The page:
Jennifer Yttri, PhD
Women tend to put other people’s needs before their own, but they need to make their own health a priority. Many changes happen between puberty, child bearing, and menopause, and with those changes come more questions. What tests should you get to make sure you stay healthy and how often? Does your medical history, or family history, put you at risk for diseases later in life? It can be difficult to make choices about screening, prevention, and treatment but those decisions are personal. Not every test, procedure, or medication is appropriate for every patient, and many are over-used. What is beneficial for one woman isn’t worth the risks for another.
The best health decisions can be made when doctors take time to talk with their patients and patients ask questions rather than just assuming the doctor always knows best.
The ABIM Foundation and Consumer Reports collaborated with specialty medical societies to create lists of “5 Things Physicians and Patients Should Question” as part of a national effort called Choosing Wisely (www.choosingwisely.org). These medical groups represent more than 500,000 physicians. The lists contain evidence-based recommendations made by experts. Here is the list of their recommendations that are important for women.
Birth control exams
Women should not be required to have a pelvic exam or other physical exam to get a prescription for oral contraceptives. For most women, it is safe to be prescribed birth control based on medical history and blood pressure measurement.
Breast cancer screening
Breast cancer screening is done through mammograms, which are like x-rays. A breast cancer diagnosis involves giving the cancer a stage (0 through 4, with 4 being the most advanced) based on the size of the tumor, how advanced it is, and how likely it is to spread. Other imaging tests, like PET, CT, and bone scans are not recommended for screening early stage breast cancer (stages 0-3), patients newly diagnosed with Ductal Carcinoma In Situ (DCIS), or people without symptoms. This testing does not benefit patients, and false-positives (test results that indicate cancer when no cancer is present) can lead to unnecessary procedures and misdiagnosis. For anyone who has been treated for early-stage breast cancer and is symptom free, mammograms and regular clinical exams are the best ways to check that the cancer has not come back. Advanced imaging tests and tumor marker tests should only be used for patients with later-stage breast cancer.
Cervical cancer screening
Women over 65 should stop being screened for cervical cancer if they have not previously shown risk for disease. Women under 30 should not have HPV tests to screen for cervical cancer. Women with mild dysplasia or cervical intraepithelial neoplasia (CIN1) for less than two years should not be treated for cervical cancer, as CIN1 is usually caused by a short-term HPV infection and goes away within a year. See below for information about HPV testing. Pap smears (see below) should be used to screen for cervical cancer.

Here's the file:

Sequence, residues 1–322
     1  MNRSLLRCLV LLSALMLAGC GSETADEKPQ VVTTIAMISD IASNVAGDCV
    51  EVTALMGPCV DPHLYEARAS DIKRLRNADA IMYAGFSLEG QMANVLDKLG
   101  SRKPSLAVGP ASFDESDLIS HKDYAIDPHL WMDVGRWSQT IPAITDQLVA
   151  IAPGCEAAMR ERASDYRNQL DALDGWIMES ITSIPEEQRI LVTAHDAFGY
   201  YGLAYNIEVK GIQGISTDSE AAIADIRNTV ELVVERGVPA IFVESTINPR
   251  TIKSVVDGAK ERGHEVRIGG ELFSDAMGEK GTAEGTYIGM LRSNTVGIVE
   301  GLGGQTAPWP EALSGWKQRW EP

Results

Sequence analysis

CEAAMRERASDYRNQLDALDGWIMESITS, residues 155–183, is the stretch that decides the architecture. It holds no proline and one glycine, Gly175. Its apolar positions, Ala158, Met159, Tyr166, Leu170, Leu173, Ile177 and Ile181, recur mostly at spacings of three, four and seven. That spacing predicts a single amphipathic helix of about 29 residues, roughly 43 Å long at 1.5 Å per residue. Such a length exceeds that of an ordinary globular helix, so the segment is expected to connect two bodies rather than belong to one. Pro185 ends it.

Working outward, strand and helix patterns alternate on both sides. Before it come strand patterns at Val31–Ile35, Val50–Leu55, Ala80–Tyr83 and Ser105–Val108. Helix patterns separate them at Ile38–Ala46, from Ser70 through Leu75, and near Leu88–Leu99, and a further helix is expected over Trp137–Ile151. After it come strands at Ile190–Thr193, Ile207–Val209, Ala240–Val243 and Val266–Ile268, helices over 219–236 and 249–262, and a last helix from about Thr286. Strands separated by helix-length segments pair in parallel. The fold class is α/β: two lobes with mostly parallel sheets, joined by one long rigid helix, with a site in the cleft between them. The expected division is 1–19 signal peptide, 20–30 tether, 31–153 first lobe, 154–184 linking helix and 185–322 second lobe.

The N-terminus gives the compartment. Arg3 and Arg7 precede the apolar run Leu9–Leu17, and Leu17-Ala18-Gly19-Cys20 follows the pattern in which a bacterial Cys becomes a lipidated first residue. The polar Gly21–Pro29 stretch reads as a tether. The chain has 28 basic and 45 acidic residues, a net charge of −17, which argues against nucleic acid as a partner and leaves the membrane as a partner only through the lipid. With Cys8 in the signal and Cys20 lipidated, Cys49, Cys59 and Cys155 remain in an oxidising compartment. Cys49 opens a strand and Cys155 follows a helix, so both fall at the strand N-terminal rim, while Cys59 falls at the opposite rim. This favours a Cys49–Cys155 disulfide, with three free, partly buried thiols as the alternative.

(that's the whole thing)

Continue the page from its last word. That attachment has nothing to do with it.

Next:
Early labor induction or Cesarean delivery
Unless there is a clear medical reason, do not schedule delivery before 39 weeks and avoid scheduling delivery before 41 weeks. Babies born before 39 weeks are not fully developed and are at increased risk for learning disabilities, illness, and death. Mothers who deliver early are more likely to experience postpartum depression and may have complications from medicines needed to start labor.
HPV testing is not recommended for low risk infections, such as for HPV associated with genital warts. HPV testing should be used to identify high risk infections in patients with abnormal Pap smears or other clinical symptoms associated with high risk HPV infections.
Ovarian cancer screening
Women at average risk who do not have symptoms should not be screened for ovarian cancer. Screening using ultrasound or blood serum testing might detect early signs of cancer, but ovarian cancer is uncommon in women of average risk without symptoms. An abnormal result that isn’t cancer might require invasive follow-up, and those risks outweigh the benefit of early detection.
Small, simple cysts are common in women and usually won’t affect their health. If one is found, the doctor will schedule an ultrasound to determine if the cyst is benign (not cancer). If the cyst is not cancerous, a follow up ultrasound and surgery is not recommended unless the cyst causes symptoms, like pelvic pain. If the cyst is suspected to be cancerous, a follow up ultrasound is not recommended because the cyst should just be surgically removed. A second ultrasound is only recommended for larger cysts that the doctor could not be sure about.
Pap smears detect cervical cancer. They are not recommended for women under 21. They also are not recommended for women who have had their cervix removed during a hysterectomy and have no history of cancer. Most abnormalities in young women go away without treatment. For women who have had a hysterectomy for reasons unrelated to cancer, Pap smears do not provide any useful information. Pap smears are recommended every 3 years for women aged 21-65. Women over 65 who have had normal Pap tests can stop having them done.